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I have a bunch of points in 3D space (around to a survey line). Since only half of the point coordinates were measured, I want to compute a linear regression, from which I extrapolate the other points (based on their distance to the known points). The result should be a line. As far as I understand, numerically the starting system would be:

$$\begin{bmatrix}z_1 \\ \vdots \\ z_n \end{bmatrix} = \begin{bmatrix} 1 & x_1 & y_1 \\ \vdots & \vdots & \vdots \\ 1 & x_n & y_n \end{bmatrix} \begin{bmatrix} a_0 \\ a_1 \\ a_2 \end{bmatrix}$$

which would end up giving me a linear equation of the form

$$ z = a_o + a_1x+ a_2y $$

However what I need in order for convenience would be the vector form of the line equation, so that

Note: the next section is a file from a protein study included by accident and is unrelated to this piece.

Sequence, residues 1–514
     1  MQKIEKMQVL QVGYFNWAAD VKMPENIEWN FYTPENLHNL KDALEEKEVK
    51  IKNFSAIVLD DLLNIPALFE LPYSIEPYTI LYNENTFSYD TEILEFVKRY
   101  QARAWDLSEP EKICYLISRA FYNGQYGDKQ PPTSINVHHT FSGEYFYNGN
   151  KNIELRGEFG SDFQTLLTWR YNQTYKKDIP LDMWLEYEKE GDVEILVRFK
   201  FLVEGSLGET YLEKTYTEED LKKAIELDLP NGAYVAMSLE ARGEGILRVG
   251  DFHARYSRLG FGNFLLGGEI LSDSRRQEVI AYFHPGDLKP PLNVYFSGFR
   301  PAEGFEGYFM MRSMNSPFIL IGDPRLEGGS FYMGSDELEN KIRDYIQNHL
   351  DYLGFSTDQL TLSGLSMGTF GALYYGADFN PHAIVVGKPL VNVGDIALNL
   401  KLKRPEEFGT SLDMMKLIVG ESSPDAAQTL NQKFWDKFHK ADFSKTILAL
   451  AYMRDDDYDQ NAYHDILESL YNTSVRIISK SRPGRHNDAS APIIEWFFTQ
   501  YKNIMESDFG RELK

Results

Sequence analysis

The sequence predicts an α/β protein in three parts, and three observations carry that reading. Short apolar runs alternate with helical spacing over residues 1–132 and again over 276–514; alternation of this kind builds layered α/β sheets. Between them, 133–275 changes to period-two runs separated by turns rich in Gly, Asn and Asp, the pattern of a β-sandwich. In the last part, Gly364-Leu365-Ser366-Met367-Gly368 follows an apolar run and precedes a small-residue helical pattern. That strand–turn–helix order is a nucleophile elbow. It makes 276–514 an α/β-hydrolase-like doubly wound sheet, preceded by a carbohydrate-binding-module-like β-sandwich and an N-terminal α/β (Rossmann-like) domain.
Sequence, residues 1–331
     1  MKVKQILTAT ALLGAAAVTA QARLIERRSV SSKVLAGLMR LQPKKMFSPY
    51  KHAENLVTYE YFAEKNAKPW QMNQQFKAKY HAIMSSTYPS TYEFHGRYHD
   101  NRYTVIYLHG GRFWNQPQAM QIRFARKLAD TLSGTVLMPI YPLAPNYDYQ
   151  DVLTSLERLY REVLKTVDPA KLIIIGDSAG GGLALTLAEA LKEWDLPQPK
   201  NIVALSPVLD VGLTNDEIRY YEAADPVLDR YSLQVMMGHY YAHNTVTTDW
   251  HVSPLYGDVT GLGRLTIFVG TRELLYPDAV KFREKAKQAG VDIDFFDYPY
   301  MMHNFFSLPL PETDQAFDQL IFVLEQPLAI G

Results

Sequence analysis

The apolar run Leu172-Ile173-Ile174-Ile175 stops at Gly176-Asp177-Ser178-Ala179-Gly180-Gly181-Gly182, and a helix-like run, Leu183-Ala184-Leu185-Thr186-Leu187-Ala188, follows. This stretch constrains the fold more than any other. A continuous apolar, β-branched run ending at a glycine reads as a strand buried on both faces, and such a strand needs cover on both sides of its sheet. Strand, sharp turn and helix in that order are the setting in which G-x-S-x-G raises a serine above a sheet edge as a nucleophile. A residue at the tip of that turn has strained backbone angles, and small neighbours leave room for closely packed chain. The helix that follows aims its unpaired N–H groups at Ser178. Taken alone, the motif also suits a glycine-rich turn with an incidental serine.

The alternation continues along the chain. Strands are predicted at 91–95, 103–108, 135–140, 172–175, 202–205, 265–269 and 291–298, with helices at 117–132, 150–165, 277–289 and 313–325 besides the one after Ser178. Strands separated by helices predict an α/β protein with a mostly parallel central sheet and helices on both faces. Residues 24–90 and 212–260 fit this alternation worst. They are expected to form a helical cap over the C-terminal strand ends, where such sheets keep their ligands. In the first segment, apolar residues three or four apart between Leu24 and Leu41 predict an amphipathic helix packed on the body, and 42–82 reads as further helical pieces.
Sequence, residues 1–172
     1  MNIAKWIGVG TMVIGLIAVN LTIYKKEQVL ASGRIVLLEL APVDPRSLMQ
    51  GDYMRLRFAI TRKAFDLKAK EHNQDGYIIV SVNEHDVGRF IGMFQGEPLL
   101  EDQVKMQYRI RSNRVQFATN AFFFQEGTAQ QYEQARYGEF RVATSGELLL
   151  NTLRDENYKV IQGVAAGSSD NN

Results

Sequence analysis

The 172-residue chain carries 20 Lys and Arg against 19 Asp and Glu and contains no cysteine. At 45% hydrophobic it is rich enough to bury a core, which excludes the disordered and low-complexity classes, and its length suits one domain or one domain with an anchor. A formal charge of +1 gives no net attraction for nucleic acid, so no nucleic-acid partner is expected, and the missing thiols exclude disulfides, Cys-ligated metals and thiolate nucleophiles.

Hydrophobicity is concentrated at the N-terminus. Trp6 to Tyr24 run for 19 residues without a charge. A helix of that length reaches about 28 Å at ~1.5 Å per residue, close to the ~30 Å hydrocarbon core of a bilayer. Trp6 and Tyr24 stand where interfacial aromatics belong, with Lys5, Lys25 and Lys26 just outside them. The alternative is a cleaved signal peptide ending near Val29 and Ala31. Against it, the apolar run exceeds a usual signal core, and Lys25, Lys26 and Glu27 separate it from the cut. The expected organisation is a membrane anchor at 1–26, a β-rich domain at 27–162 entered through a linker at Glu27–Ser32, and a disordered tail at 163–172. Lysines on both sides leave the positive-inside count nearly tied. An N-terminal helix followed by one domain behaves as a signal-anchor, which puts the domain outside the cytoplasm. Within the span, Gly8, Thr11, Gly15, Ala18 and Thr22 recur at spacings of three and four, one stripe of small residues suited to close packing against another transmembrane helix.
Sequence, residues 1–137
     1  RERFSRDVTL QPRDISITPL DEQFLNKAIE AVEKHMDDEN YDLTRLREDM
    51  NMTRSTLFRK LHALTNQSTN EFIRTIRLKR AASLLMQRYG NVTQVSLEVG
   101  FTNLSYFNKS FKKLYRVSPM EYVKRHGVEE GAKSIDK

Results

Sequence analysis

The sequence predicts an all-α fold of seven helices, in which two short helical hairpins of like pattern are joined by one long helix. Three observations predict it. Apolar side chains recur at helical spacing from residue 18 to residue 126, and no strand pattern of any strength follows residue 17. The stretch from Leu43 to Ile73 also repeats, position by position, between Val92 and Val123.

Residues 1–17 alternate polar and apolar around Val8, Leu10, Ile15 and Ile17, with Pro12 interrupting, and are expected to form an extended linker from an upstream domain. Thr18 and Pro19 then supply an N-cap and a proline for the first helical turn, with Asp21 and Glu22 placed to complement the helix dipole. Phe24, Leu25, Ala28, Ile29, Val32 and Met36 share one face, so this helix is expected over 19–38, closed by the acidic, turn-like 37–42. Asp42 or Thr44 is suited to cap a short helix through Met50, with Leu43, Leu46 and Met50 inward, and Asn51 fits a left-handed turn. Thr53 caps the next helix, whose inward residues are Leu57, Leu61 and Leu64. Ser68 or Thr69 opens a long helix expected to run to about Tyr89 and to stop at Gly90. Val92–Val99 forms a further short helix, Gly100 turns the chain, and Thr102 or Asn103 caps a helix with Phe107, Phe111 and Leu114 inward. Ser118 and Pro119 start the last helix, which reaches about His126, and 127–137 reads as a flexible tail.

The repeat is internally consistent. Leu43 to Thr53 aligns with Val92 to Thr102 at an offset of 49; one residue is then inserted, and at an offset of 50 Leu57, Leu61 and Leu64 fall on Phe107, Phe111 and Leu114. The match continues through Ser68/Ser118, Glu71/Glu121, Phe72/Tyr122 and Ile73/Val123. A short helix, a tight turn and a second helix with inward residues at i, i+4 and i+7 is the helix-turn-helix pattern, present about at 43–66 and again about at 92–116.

$$ \begin{pmatrix} x \\ y \\ z\end{pmatrix} = \begin{pmatrix} x_0 \\ y_0 \\ z_0 \end{pmatrix} + d\begin{pmatrix} a \\ b \\ c\end{pmatrix} $$

Am I just missing the obvious solution of turning the first line equation into the latter, or is it possible to do this with the numeric regression in the first place?

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  • $\begingroup$ You have two predictors, right? If so, you will be fitting a plane of best fit (the $z = a_0 + a_1 x + a_2 y$), so you won't get a line. If you know the equation of the plane $z = a_0 + a_1 x + a_2 y$, then if you remember your introductory linear algebra, you should know how to convert this to parametric vector form (there will be two direction vectors rather than just one). $\endgroup$ – Minus One-Twelfth Mar 16 at 20:13

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